There’s no place like home, they say. But what happens when home—in this case, a player’s favorite tournament—isn’t quite as welcoming as it once was? What if it’s not enough to cure that player’s ills or jump-start his season, the way it has in the past? On the men’s side, we’ll have two chances to find out the answer very soon. Like Rafael Nadal at Roland Garros earlier this month, Grigor Dimitrov couldn’t use the Aegon Championships at Queen’s Club, which has been so good to him over the years, to turn his disappointing 2015 around.

Dimitrov is Bulgarian, but the tournament in London has always treated him like a native son. In 2009, he was given a wild card by the director at the time, Chris Kermode, who was impressed by Dimitrov’s run to the Wimbledon junior title the previous year. The 18-year-old made good on that vote of confidence by winning a round and showing off his Federer-esque brand of tennis to the assembled British press. In 2014, Dimitrov won the title at Queen’s, went on to crack the Top 10, and, at Wimbledon, reached the first of what seemed sure to be many Grand Slam semifinals.

For most players, the Aegon is just a tune-up for the Big W down the road, but Dimitrov had dreamed of holding the famously immense silver trophy at Queen’s.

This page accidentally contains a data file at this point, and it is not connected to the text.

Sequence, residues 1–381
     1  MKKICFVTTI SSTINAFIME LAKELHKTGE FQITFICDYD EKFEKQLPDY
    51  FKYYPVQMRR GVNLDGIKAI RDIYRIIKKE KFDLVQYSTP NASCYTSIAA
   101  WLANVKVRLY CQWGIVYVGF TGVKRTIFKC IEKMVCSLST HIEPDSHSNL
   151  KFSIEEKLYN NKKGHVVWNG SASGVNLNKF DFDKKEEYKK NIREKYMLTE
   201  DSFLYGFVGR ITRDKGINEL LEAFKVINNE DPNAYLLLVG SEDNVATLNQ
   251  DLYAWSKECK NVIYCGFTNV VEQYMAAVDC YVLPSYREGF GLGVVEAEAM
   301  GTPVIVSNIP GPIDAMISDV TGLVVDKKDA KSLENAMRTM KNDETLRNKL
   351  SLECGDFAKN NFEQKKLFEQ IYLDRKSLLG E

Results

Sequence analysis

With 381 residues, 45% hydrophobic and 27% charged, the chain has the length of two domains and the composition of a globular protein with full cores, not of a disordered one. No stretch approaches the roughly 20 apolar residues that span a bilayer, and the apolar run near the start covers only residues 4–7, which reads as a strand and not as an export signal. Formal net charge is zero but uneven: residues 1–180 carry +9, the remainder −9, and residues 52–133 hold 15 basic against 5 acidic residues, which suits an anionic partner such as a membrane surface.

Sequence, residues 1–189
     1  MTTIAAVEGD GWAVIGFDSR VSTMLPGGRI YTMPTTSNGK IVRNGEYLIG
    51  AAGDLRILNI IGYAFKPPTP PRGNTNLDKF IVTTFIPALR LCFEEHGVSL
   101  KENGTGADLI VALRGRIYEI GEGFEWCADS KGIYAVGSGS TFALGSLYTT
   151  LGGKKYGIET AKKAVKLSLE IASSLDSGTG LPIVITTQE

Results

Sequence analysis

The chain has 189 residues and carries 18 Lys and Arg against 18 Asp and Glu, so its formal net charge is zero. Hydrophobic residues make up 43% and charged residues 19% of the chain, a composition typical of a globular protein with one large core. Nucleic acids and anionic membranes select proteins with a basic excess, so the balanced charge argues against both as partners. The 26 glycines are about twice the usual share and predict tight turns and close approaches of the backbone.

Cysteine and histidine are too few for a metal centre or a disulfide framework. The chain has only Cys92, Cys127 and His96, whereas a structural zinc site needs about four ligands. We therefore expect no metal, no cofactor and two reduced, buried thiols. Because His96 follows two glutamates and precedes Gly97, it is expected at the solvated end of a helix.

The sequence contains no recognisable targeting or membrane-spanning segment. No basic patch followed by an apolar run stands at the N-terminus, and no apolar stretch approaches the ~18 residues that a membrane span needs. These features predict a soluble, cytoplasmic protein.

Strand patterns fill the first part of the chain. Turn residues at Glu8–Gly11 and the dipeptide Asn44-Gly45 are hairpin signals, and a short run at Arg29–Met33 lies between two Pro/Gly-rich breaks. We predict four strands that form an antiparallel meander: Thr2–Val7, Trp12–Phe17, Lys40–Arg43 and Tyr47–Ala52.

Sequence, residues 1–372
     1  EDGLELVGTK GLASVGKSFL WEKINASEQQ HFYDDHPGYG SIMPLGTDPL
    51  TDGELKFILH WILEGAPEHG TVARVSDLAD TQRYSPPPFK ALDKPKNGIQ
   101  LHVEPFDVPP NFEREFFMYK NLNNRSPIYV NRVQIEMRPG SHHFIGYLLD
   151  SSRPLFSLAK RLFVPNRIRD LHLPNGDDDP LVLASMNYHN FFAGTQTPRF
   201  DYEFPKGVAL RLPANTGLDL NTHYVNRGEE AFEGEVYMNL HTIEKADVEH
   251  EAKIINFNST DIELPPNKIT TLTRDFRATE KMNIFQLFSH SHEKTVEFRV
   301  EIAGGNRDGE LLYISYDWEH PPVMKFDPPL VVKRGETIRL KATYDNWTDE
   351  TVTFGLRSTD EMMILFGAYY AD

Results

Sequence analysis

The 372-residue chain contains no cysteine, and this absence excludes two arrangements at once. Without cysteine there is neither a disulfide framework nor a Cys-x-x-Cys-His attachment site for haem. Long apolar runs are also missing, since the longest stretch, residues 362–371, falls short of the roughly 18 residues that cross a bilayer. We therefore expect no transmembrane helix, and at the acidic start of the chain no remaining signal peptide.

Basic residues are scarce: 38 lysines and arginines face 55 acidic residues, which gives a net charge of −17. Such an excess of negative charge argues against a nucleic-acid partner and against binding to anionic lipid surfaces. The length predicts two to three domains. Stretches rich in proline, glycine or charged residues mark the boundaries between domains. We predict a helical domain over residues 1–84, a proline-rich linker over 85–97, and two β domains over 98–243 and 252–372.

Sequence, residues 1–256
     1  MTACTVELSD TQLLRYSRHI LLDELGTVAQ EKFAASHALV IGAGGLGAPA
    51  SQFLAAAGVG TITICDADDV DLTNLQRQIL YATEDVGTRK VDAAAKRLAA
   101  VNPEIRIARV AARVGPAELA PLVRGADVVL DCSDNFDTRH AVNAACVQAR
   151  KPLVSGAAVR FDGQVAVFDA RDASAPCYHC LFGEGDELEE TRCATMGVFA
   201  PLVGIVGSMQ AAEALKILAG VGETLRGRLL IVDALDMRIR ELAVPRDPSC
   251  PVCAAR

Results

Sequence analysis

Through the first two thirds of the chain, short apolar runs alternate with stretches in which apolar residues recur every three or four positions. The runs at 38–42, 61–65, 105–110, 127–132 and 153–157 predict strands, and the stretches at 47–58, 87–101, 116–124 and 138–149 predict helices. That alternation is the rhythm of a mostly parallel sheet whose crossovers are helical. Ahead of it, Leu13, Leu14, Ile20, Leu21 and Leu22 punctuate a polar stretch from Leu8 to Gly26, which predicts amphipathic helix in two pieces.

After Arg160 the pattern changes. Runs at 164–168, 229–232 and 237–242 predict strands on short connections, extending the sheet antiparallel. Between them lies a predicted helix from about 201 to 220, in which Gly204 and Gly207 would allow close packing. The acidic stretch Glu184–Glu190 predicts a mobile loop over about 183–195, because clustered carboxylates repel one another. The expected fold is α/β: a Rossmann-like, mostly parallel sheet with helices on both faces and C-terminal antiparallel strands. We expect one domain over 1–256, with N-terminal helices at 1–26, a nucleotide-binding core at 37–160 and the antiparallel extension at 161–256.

“Last year was an unbelievable moment for me,” he said at the draw ceremony this week. “One of the first things I did was ring my dad, and I remember coming out here with him when I got the first wild card, and I said, ‘I like that trophy a lot.’ Next thing you know, I had it in my hands.”

And while his title defense in 2015 got off to a rocky start—he dropped the first set to Sam Querrey in his opener before coming back to win in three—Dimitrov still sounded pleased to be back at Queen’s.

“It’s one of the tournaments for me that I feel that every time I step on that court, I feel like I own the court,” Dimitrov said. “It’s a really nice feeling to have. I mean, I wish that on every tournament I was playing, but I go way back here, so everything is just so familiar.”

This time, though, familiarity wasn’t enough. The 11th-ranked Dimitrov would lose his next match, to 32-year-old, 48th-ranked Gilles Muller. Despite the age and ranking disparity, the loss wasn’t a shock. Early exits have been the norm, rather than the exception, for Dimitrov recently. At 24, just when he should be entering his prime, he has slipped back out of the Top 10. The loss to Muller left him with a 19-12 record for the season, and this was the second title he had failed to defend. The last time it happened, in Acapulco in February, Dimitrov lost 6-0 in the third set to Ryan Harrison. It was an early sign that we might not see the same rising young star that we had seen in 2014.

If Thursday’s 6-4, 7-6 (5) loss to Muller wasn’t as awful as his exit in Acapulco, it still didn’t offer much hope for improvement in the near future. No surface demands better play on big points than grass, and Dimitrov couldn’t come up with it. Serving at 4-5 in the first, down set point, he misfired on a routine forehand. And in the second-set tiebreaker it was Muller, who is hardly a match for Dimitrov from the back court, who took the initiative with a lightning-strike forehand down the line for a key winner. For all of Dimitrov’s varied talents, it was Muller’s lumbering lefty force that won the day. On the final point, Dimitrov slipped on the turf and had to watch helplessly as the ball slipped past him. It was that kind of afternoon, and it has been that kind of year.